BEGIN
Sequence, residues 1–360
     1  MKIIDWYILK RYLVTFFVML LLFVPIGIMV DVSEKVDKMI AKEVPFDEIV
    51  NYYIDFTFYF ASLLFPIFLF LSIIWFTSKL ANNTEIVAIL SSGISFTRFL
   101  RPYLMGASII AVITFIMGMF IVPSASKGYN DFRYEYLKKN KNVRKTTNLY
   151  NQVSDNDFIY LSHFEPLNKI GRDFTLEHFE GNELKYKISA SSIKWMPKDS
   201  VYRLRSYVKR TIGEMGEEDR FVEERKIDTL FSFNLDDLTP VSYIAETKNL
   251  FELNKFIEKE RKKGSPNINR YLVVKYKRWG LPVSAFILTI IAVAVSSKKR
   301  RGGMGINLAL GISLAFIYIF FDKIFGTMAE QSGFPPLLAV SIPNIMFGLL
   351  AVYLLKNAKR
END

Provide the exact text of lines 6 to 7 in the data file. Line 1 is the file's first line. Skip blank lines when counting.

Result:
   201  VYRLRSYVKR TIGEMGEEDR FVEERKIDTL FSFNLDDLTP VSYIAETKNL
   251  FELNKFIEKE RKKGSPNINR YLVVKYKRWG LPVSAFILTI IAVAVSSKKR